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As a child of the ’90s public school system in Charlotte, North Carolina, “Black History” was often a short rotation of a few legends the likes of Rosa Parks, George Washington Carver, and of course, Dr. Martin Luther King, Jr.

While the upcoming month of February is often used to highlight many of those same figures throughout mainstream media and education, no name has been run through the mud quite like King’s.

Just two weeks ago, U.S. Rep. Chip Roy, Republican of Texas, wastefully paraphrased Martin Luther King, Jr. in invoking judgment of a person’s character over their skin in faux support of Rep. Byron Donalds, a Black Republican.

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Dr. King’s daughter doesn’t like term “people of color”

Rightfully so, Dr. King’s daughter, Bernice King, may recognize, like many Black Americans, that when America needed to be built for free, it was our enslaved Black ancestors they used — not people of color.

When politicians banned people the right to vote and made them guess how many jelly beans were in a jar, that was to restrict the Black vote — not people of color.

When America needed to build its highways, it destroyed Black communities across the US — not people of color.

This is not to suggest that people of color have not lived in the same neighborhoods as Black residents, nor does it mean they haven’t been disproportionately affected by the very ills we face; however, the problems faced by Black Americans are uniquely ours, and Dr. King understood that.

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An expert orator, Dr. King understood the power of words long ago. He once said in part, “They couched it in language. They made everything Black ugly and evil, look at the dictionary and find the synonyms for the word ‘Black.’ It’s always something degrading, low, and sinister. Look at the synonyms for the word ‘White,’ it’s always something pure.”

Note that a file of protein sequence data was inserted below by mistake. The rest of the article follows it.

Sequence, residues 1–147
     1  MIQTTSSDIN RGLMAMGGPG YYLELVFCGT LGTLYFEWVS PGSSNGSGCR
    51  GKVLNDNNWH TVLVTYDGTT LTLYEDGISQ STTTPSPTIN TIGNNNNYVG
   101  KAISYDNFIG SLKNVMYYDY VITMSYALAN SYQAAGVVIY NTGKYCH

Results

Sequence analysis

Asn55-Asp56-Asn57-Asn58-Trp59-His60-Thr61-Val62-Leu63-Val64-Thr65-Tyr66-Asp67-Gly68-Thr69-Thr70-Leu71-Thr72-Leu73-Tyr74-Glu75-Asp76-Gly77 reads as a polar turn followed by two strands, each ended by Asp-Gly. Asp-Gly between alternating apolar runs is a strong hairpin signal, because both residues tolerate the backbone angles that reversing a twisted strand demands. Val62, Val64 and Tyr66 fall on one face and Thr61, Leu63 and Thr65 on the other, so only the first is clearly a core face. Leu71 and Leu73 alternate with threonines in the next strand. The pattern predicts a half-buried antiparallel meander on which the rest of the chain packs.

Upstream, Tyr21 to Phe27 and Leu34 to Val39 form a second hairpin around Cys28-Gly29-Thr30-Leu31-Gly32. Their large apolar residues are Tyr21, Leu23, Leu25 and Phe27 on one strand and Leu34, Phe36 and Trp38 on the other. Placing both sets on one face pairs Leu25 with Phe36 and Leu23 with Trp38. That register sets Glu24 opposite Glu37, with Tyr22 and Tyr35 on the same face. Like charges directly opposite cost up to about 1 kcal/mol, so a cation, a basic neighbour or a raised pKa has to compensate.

While Dr. King’s legacy stands atop the mountain alone as the LeBron James of civil rights leaders, it hasn’t stopped naysayers from bastardizing his name.

After the 2020 murder of George Floyd, Bernice King told Jimmy Fallon, “In ’68, my father was one of the most hated men in America, and now he’s one of the most loved men in the world,” she said. “So much so that people do take liberties and kind of take different quotes to fit their situation, and nothing is more frustrating for me than that.”

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One of the most misquoted parts of Dr. King’s I Have A Dream Speech is that “little Black boys and Black girls join hands with little White boys and White girls and walk together as sisters and brothers.”

Conservatives often use this nugget to claim King wanted us to live in a colorblind society. But he didn’t. He only suggested our society would be better if that mutual respect were there.

Dr. King on Reparations

Though Americans at large have heard the same Martin Luther King, Jr. quotes again and again, few knew his thoughts on topics which have persisted for generations, such as reparations.

Dr. King once talked about reparations for newly freedmen, stating, “It’s like having a man in jail for years and years and then you suddenly discover this man is innocent, you go to him and say, ‘now, you are free.’ The man has been unjustly jailed for 35 or 40 years, and you just put him out of jail, saying, ‘now, you are free.’ You don’t give him any bus fare to get to town, no money to buy any clothes, no money to get something to eat. This is what happens to the Black man in this country.”

“Law and order exist for the purpose of establishing justice and when they fail in this purpose, they become the dangerously structured dams that block the flow of social progress.”

Martin Luther King, Jr.

Dr. Martin Luther King, Jr. will live forever

As GOP elected officials work to ban education and anything considered “woke,” King, Jr. defiantly lived a life and left a legacy of resistance through activism, spirituality, peace for all and accountability for opposers of progress.

While Dr. King’s words have been warped to fit narratives and agendas he himself would never agree with, we will continue to honor the man, who in a matter of years, changed the world forever.

Hailing from Charlotte North Carolina, born litterateur Ezekiel J. Walker earned a B.A. in Psychology at Winston Salem State University. Walker later published his first creative nonfiction book and has...